Portugal’s 10-year bond yield is at 3.2 percent, about 80 basis points higher than 12 months ago. Even with the ECB’s purchases, Portugal is the euro region’s worst-performing sovereign-bond market this year through Wednesday, according to Bloomberg World Bond Indexes. The nation’s securities have lost 1 percent, compared with gains everywhere else in the bloc.
“If DBRS wants to downgrade, I think the ECB will still end up buying the paper,” David Owen, chief European economist at Jefferies International Ltd., said in a Bloomberg Television interview with Anna Edwards. “They can’t have a situation where Portugal starts selling off dramatically from here.”
Finance Minister Mario Centeno said in an interview in Washington on Oct. 7 after a lunch meeting with DBRS that “the position they have is that they feel very comfortable about our fiscal position, which they labeled ‘very strong.”’ Portugal’s 10-year yield has dropped 39 basis points since then.
“We expect DBRS to leave its rating for Portugal unchanged, as the variables that are closely watched by the agency for its assessment show no material change since DBRS’s last review in April,” Tullia Bucco, an economist at UniCredit SpA in Milan, said in a research note on Oct. 13. “This will most likely ease tensions on credit spreads.”
Portugal’s growth outlook was cut in the 2017 budget proposal released last Friday, when the government also said the budget deficit and debt ratio will be higher than previously forecast.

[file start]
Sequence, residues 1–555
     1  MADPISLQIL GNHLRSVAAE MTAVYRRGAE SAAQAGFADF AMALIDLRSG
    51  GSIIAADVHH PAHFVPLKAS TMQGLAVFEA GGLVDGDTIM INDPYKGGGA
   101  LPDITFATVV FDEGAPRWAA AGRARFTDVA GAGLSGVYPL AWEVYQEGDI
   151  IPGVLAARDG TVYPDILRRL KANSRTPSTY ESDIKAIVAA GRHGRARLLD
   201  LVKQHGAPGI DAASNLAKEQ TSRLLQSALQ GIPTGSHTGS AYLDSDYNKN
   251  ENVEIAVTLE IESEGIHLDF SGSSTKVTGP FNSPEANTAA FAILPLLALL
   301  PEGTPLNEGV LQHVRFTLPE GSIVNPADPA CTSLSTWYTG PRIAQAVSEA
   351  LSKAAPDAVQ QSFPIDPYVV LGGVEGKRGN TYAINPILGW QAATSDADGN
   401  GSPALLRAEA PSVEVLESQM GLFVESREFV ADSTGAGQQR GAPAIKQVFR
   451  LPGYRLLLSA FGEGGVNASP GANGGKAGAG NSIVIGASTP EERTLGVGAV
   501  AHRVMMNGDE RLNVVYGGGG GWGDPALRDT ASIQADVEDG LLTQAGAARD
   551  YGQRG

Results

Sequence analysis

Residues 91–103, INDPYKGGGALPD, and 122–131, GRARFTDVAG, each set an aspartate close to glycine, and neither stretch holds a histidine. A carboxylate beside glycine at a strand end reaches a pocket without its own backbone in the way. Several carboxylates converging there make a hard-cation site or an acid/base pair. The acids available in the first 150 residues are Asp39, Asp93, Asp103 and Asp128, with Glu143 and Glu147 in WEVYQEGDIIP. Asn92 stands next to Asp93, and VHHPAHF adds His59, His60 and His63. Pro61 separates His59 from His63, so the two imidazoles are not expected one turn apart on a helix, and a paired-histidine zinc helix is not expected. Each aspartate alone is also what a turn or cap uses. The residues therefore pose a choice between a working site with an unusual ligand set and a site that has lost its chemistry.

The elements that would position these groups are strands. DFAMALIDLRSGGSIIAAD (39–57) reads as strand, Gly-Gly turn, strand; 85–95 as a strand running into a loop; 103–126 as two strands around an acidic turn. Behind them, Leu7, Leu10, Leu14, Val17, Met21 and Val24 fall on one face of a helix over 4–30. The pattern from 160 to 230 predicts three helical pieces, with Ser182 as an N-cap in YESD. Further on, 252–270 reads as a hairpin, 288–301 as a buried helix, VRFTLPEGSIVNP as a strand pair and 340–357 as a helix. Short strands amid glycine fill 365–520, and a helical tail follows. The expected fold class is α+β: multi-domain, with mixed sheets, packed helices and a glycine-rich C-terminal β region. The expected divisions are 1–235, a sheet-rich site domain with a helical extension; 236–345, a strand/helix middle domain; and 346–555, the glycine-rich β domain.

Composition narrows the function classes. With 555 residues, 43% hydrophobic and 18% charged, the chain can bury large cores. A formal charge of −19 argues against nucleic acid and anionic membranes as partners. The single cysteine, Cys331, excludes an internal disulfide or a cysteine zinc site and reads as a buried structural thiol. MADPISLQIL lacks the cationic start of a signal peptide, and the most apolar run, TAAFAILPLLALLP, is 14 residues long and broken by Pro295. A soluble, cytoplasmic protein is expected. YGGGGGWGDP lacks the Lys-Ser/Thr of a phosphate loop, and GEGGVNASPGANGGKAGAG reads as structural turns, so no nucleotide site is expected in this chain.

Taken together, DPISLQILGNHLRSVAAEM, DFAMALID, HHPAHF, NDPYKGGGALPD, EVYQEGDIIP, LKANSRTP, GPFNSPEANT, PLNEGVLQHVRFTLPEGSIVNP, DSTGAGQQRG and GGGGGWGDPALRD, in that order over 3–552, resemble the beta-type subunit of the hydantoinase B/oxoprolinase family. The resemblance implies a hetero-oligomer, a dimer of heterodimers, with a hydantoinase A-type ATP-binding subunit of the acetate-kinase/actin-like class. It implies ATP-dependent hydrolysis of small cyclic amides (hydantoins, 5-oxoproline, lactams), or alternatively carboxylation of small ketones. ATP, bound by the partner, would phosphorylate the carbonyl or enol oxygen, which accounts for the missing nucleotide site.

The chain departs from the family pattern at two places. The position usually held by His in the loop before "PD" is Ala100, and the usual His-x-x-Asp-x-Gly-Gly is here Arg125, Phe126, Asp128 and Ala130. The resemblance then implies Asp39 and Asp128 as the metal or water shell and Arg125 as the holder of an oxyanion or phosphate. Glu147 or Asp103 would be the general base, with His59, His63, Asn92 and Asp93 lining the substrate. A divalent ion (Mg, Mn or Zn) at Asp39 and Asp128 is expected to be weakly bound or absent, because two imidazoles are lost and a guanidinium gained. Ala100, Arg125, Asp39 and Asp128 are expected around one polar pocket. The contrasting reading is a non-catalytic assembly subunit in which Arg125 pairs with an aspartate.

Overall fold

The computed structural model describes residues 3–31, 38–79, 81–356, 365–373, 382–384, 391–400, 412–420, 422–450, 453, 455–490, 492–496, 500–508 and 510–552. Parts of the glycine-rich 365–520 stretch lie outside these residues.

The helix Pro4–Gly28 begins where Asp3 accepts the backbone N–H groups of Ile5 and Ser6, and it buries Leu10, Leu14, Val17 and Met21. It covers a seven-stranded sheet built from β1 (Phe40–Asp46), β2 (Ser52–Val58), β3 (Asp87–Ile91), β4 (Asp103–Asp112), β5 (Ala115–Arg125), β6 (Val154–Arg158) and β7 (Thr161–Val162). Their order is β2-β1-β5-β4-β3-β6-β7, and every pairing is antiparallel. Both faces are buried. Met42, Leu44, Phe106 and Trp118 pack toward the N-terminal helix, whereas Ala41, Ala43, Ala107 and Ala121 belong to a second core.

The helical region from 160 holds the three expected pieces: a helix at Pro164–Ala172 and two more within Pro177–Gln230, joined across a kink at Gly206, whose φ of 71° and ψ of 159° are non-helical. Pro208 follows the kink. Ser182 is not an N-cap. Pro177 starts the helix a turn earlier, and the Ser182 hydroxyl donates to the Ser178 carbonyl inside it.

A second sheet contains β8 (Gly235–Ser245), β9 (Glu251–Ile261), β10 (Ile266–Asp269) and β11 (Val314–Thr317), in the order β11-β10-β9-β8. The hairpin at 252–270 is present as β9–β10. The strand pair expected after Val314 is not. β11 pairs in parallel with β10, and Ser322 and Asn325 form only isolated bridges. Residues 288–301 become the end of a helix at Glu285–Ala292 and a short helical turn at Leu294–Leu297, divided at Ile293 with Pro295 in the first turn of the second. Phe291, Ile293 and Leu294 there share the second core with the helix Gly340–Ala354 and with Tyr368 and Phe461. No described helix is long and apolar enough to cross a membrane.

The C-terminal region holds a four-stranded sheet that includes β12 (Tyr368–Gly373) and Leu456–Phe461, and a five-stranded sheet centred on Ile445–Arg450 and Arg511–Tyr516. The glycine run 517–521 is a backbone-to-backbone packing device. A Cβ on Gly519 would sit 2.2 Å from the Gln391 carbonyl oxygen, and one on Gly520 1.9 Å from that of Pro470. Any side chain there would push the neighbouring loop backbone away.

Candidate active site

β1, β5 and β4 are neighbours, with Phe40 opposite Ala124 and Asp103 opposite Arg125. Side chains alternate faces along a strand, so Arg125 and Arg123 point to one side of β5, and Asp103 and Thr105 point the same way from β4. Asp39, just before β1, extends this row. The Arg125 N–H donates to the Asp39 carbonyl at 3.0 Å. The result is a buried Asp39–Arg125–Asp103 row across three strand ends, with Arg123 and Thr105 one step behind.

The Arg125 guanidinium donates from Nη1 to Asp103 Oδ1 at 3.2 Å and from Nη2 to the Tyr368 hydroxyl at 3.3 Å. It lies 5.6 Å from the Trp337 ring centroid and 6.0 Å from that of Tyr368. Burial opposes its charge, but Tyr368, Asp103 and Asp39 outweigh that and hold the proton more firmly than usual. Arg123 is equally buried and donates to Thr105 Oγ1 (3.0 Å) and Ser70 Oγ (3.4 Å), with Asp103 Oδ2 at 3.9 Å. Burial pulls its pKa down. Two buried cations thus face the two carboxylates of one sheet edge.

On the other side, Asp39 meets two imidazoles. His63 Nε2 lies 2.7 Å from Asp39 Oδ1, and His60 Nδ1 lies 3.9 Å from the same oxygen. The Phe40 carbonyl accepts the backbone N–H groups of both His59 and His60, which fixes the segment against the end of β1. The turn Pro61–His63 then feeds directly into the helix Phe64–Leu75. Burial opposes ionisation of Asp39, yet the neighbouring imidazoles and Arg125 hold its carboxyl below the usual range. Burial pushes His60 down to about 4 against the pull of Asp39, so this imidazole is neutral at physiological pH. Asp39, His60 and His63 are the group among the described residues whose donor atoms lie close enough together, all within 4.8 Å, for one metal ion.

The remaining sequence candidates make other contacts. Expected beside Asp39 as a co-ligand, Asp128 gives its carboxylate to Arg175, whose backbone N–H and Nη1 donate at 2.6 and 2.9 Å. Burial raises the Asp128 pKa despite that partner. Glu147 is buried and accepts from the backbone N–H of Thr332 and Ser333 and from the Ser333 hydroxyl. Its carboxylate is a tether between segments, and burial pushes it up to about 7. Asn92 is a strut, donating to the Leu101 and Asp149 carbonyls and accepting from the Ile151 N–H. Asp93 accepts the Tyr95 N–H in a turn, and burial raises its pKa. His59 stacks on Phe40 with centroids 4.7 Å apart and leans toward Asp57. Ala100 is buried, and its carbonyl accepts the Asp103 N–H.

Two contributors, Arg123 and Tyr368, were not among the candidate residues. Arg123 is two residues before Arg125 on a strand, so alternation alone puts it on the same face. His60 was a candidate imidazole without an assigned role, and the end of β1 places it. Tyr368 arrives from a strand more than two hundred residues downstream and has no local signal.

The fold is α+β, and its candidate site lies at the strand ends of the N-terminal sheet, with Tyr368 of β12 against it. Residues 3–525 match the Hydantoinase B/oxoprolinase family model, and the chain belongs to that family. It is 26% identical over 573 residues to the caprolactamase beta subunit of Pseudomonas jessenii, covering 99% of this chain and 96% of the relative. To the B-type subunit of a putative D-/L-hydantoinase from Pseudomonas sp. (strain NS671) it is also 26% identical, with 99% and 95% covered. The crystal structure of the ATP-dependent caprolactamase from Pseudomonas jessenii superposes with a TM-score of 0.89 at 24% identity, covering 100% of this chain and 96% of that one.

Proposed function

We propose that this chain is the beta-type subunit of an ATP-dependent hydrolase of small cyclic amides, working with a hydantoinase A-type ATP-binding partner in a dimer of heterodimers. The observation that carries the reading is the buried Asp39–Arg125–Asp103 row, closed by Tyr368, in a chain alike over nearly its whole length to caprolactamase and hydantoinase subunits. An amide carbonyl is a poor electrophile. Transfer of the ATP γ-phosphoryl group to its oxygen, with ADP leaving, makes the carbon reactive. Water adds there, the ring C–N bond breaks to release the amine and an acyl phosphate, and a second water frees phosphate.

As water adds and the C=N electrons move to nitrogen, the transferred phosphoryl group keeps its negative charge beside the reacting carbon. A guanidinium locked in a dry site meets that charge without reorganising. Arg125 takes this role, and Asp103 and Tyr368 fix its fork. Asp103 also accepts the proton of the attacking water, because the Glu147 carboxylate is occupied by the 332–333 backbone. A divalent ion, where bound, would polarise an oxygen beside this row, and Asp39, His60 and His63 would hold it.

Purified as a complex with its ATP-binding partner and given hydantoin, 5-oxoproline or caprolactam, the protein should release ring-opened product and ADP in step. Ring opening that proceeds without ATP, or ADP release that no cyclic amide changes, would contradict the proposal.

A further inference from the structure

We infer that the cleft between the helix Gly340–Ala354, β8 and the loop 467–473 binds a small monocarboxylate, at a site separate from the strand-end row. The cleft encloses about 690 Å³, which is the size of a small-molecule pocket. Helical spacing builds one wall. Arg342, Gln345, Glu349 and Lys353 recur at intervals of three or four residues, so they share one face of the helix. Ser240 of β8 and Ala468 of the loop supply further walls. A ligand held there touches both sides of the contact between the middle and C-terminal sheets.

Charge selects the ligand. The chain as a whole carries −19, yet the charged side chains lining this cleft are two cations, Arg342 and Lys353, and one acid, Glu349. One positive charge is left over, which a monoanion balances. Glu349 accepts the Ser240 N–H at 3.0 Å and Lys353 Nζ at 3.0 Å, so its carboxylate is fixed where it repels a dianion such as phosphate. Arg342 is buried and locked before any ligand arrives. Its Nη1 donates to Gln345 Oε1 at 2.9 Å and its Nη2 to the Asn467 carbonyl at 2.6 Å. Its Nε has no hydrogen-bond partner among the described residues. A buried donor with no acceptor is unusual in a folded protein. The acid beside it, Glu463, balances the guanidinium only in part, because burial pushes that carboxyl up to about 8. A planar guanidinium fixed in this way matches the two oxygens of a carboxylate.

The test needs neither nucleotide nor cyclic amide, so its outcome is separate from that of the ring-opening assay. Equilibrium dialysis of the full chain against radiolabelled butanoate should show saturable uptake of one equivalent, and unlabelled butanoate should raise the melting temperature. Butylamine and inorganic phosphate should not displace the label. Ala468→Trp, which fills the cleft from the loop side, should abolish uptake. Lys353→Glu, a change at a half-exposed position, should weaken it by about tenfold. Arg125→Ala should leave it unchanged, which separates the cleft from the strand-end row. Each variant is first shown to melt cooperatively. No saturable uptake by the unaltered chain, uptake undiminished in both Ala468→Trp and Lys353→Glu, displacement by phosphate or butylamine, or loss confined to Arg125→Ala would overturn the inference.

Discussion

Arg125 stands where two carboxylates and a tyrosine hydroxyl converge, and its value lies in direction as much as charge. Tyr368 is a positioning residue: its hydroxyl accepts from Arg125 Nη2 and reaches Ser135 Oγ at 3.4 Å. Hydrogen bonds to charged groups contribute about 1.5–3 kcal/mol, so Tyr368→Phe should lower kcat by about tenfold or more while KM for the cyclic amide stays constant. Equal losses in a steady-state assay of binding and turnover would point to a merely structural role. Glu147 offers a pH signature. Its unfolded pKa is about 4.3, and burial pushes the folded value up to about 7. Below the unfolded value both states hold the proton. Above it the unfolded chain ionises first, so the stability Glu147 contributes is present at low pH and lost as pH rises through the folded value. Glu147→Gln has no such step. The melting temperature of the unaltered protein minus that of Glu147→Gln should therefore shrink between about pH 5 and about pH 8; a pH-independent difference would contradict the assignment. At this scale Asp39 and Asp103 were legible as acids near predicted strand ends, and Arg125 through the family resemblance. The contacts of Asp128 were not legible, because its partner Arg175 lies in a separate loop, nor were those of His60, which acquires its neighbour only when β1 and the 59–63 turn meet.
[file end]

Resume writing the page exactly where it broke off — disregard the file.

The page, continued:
The economy will grow 1.2 percent in 2016 and the budget deficit will be 2.4 percent, which is still within a 2.5 percent limit set by the European Commission. Debt will rise to 129.7 percent of gross domestic product in 2016 as the government injects capital in state-owned bank Caixa Geral de Depositos SA, before falling to 128.3 percent in 2017.
While Costa has claimed he’s turning the page on austerity, he’s been increasing some indirect taxes and adding other levies while reversing state salary cuts faster than the previous administration proposed. Tax revenue will be 24.9 percent of GDP in 2017 compared with 25 percent in 2016. The government is also counting on a higher dividend from the central bank to narrow the deficit to 1.6 percent in 2017.
Assuncao Cristas, who leads the opposition conservative CDS party, says Costa’s government is applying austerity “a la gauche.”
That doesn’t appear to displease Costa’s backers, with a poll published on Oct. 14 by weekly Expresso showing the ruling Socialists with 36 percent support, widening the lead over the opposition Social Democrats to 5.6 percentage points.
“Despite pending challenges, fundamentals are better now than during the sovereign crisis, which underpins our view that DBRS will not downgrade Portugal below investment grade,” Bank of America Merrill Lynch economists Ruben Segura-Cayuela and Gilles Moec said in a note on Oct. 14. “The sustainability of public debt remains reliant on low interest rates. This leaves Portugal vulnerable to further negative confidence shocks. And without a broader strategy for fiscal adjustment, the fear of a DBRS downgrade will remain in the quarters to come.”